Europe’s COVID-19 Death Count Tops 30,000

April 1, 2020 Updated: April 1, 2020

The COVID-19 pandemic has killed more than 30,000 people in Europe, with Italy and Spain registering over 75 percent of the disease-related deaths.

At the time of reporting on April 1, there were 31,221 recorded deaths in Europe from the respiratory illness caused by COVID-19, according the latest data collated by Johns Hopkins University, which is tracking the global pandemic.

The total number of deaths noted in the running tally was 43,537, making Europe the continent that has been hit hardest by the Chinese Communist Party (CCP) virus.

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Medical responders in protective suits attend to a patient suspected of COVID-19 infection, in Rome, Italy, on March 30, 2020. (Reuters/Remo Casilli)

Italy leads the dismal tally, with some 12,428 fatalities, followed by Spain with 9,053, and France with 3,523.

Germany, which has 72,914 confirmed infections, has relatively few COVID-19 deaths, with 802 at last count.

There may be many factors at play, but experts said early on that fast and widespread testing gave Germany an edge in the fight against the pandemic.

“The reason why we in Germany have so few deaths at the moment compared to the number of infected can be largely explained by the fact that we are doing an extremely large number of lab diagnoses,” said virologist Dr. Christian Drosten, whose team developed the first test for the new virus at Berlin’s Charité hospital, which was established over 300 years ago to treat plague victims.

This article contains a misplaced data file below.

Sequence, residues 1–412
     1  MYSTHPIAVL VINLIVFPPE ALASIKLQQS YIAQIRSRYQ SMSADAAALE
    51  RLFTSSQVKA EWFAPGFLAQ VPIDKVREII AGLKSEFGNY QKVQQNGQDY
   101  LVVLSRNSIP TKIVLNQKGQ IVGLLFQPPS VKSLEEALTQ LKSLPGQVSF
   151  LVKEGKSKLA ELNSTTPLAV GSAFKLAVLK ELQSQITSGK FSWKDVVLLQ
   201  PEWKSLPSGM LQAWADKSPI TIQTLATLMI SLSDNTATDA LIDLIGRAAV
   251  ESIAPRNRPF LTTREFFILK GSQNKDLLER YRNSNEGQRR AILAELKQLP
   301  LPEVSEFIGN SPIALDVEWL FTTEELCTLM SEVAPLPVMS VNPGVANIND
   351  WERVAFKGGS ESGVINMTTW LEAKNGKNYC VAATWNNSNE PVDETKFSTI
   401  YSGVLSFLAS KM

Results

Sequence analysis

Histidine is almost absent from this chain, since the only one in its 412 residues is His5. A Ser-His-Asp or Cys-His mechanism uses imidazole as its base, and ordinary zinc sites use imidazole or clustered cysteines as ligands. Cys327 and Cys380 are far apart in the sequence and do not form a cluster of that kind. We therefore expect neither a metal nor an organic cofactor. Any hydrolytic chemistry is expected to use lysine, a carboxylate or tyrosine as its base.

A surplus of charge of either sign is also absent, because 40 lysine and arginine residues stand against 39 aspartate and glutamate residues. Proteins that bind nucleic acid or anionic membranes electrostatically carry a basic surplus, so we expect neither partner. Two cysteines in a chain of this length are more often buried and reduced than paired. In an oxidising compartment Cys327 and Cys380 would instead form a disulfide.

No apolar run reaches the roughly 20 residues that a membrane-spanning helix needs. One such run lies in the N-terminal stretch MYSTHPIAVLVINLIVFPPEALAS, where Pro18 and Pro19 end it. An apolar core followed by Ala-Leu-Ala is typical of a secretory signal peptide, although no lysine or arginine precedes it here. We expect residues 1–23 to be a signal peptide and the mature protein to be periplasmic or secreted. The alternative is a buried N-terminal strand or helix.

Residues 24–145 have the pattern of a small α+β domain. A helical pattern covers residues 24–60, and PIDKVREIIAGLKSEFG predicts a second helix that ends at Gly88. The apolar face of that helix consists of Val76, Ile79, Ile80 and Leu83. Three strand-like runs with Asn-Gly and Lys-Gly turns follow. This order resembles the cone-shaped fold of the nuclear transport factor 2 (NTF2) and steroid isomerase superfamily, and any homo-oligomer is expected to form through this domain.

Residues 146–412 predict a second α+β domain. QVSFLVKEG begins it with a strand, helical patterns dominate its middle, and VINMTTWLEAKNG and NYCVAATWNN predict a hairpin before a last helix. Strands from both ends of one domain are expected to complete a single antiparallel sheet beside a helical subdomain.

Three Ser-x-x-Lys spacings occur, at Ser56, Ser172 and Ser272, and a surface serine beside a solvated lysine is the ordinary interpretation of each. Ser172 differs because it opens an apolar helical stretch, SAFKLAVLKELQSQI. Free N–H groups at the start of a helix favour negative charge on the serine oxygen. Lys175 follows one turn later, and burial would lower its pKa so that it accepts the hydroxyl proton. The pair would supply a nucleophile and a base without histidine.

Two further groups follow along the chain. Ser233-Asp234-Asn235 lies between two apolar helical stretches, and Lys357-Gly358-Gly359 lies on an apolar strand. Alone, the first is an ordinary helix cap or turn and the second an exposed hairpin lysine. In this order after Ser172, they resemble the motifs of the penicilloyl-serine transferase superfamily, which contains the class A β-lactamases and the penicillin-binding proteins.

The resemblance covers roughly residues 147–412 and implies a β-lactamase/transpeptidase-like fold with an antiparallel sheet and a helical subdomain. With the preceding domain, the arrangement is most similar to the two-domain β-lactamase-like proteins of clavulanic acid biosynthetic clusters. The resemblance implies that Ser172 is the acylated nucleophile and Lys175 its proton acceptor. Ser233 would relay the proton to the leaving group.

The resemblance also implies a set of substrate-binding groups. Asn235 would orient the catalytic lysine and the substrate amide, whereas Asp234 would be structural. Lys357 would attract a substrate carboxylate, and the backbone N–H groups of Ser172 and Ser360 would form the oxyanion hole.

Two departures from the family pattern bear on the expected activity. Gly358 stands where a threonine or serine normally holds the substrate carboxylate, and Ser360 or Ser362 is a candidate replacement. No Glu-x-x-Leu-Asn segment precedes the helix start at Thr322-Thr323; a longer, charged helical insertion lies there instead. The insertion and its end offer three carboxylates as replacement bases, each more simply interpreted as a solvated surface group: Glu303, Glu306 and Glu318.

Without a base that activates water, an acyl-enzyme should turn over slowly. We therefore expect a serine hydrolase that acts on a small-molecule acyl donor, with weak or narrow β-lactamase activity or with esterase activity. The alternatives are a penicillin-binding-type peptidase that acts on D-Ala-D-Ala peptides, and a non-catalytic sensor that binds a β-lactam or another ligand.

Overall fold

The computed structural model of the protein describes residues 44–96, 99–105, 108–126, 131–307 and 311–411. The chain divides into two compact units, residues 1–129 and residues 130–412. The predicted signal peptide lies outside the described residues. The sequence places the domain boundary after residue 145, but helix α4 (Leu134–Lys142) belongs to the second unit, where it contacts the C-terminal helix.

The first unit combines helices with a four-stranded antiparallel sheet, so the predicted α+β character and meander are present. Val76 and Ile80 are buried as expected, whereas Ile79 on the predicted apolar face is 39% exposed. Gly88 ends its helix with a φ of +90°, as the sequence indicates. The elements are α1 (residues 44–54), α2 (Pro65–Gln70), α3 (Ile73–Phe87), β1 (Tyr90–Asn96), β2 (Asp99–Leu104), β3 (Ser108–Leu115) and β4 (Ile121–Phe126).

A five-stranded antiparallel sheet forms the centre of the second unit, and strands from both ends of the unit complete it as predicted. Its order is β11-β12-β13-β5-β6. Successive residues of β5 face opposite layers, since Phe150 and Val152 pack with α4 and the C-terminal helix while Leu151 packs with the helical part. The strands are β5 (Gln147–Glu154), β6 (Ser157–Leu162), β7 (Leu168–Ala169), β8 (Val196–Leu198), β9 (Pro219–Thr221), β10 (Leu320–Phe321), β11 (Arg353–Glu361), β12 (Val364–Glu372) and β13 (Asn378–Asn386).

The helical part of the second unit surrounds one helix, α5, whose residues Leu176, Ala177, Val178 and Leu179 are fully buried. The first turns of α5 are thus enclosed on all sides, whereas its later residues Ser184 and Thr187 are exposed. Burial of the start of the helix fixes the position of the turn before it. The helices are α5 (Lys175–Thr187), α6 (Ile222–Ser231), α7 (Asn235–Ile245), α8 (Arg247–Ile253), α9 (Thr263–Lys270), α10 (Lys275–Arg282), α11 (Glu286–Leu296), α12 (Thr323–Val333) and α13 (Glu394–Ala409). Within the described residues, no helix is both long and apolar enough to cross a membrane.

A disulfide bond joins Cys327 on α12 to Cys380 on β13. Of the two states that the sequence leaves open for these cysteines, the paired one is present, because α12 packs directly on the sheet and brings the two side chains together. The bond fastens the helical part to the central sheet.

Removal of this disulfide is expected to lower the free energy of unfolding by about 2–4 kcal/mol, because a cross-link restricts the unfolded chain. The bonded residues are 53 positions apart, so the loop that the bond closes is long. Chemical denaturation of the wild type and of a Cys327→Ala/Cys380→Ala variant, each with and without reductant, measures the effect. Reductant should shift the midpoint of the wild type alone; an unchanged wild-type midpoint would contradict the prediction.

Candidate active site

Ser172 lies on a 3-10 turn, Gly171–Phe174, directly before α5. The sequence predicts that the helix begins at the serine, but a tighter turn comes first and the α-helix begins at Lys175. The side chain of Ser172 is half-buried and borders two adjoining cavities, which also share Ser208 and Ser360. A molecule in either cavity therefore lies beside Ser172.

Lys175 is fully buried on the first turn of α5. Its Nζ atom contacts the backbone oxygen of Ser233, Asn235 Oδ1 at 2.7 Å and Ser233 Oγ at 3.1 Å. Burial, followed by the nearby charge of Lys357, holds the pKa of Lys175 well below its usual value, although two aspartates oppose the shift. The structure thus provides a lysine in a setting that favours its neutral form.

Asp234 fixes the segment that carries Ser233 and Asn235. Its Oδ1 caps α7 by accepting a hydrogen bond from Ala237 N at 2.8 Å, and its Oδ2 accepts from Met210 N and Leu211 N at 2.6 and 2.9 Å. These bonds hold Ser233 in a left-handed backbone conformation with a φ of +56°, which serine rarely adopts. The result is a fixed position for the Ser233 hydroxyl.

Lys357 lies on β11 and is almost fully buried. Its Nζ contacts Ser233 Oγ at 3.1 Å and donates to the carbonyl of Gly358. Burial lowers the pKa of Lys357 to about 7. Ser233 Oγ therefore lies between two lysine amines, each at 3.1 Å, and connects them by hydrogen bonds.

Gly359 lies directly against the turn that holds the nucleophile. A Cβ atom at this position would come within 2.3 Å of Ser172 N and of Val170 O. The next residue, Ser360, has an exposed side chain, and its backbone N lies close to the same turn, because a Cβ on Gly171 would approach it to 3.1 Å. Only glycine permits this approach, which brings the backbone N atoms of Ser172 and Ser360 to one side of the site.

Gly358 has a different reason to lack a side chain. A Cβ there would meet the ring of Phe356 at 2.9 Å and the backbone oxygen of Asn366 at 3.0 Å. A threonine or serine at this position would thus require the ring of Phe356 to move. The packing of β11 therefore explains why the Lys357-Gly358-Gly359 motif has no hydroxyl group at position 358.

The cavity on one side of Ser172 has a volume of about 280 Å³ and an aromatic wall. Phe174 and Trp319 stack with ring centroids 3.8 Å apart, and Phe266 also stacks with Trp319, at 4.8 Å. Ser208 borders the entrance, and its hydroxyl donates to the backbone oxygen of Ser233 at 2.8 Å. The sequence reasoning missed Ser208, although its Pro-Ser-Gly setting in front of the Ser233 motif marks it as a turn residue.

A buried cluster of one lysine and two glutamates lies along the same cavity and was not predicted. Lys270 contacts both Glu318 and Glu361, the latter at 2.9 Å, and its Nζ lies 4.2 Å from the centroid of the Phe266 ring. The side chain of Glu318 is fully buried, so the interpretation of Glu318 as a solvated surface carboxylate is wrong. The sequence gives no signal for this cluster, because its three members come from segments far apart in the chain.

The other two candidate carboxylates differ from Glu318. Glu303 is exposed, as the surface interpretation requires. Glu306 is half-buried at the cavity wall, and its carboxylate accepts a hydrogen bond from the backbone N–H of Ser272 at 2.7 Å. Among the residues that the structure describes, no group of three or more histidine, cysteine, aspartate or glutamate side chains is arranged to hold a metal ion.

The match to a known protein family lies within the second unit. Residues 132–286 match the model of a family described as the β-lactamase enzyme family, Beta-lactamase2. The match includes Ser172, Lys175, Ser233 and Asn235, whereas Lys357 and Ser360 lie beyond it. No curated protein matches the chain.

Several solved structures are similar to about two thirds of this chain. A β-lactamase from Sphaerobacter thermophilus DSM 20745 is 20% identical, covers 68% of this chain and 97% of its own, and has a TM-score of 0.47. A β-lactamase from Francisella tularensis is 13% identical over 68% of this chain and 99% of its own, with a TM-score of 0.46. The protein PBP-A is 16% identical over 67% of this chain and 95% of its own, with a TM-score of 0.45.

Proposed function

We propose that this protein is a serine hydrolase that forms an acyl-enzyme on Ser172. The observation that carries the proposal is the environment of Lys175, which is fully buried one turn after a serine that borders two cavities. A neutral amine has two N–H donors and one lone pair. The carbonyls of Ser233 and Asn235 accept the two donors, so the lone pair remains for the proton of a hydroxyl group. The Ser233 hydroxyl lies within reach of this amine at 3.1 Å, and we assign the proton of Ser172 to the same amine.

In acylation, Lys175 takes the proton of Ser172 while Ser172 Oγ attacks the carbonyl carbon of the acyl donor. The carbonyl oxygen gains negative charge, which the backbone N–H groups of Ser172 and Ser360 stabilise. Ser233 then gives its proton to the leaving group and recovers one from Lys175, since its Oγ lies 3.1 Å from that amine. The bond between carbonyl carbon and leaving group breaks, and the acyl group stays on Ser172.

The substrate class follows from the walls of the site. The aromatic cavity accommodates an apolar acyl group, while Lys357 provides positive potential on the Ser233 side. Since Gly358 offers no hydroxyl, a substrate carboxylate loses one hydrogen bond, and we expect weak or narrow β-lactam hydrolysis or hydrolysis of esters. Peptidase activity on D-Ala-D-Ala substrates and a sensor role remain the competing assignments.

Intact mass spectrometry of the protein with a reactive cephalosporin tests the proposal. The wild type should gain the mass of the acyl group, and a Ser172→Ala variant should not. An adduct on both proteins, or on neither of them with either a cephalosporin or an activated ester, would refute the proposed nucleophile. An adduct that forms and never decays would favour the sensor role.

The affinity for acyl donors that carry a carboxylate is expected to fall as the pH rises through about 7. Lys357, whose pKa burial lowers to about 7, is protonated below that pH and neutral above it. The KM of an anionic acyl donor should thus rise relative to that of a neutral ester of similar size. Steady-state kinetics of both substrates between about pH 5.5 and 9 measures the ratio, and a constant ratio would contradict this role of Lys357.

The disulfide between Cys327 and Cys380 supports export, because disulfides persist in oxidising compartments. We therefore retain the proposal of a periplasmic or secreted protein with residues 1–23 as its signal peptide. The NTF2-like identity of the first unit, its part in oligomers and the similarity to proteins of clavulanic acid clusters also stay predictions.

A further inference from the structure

Drosten estimated that Germany is now capable of conducting up to 500,000 tests a week.

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Medical staff demonstrate a COVID-19 testing workflow in Munich, Germany, on March 23, 2020. (AP Photo/Matthias Schrader)

German scientists had a COVID-19 test ready for deployment in mid-January.

Labs around the country were ready to start using it just weeks later, around the same time that Europe’s most populous country registered its first case.

Spain, meanwhile, tests between 105,000 and 140,000 people each week, about 20 percent to 30 percent what Germany is capable of. Italy did around 200,000 tests over the past week, but that reflects a significant recent ramp-up.

Germany also has far more intensive care unit beds than Italy, a fact that strongly suggests it is able to provide better care to seriously ill patients.

“We are well prepared today, tomorrow and the day after tomorrow,” said Dr. Uwe Janssens, who heads Germany’s Interdisciplinary Association for Intensive Care and Emergency Medicine.

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Medical staff receive operating instructions for a ventilator at a hospital in Hamburg, Germany, on March 25, 2020. (Axel Heimken/Pool Photo via AP)

Italy had 8.6 intensive care unit beds per 100,000 people before the outbreak, according to the Organization for Cooperation and Economic Development. By comparison, Germany’s most recent available figure is 33.9 per 100,000, or about 28,000 in total, a number the government wants to double.

In the United States, meanwhile, some 4,090 people have died from COVID-19.

According to a recent analysis by Johns Hopkins Center for Health Security, as cited by USA Today, there are around 100,000 ICU beds in the United States.

In a White House briefing Tuesday, President Donald Trump and his administration’s top healthcare advisers urged Americans to follow strict social distancing measures ahead of a “tough two weeks” that could lead to at least 100,000 deaths from COVID-19 in the United States.

The CCP virus, which causes the disease COVID-19, has spread rapidly across the globe. It causes mild symptoms in many of those infected, but it can cause severe symptoms or death for some, including the elderly and those with underlying medical conditions such as respiratory ailments.

The Associated Press contributed to this report.

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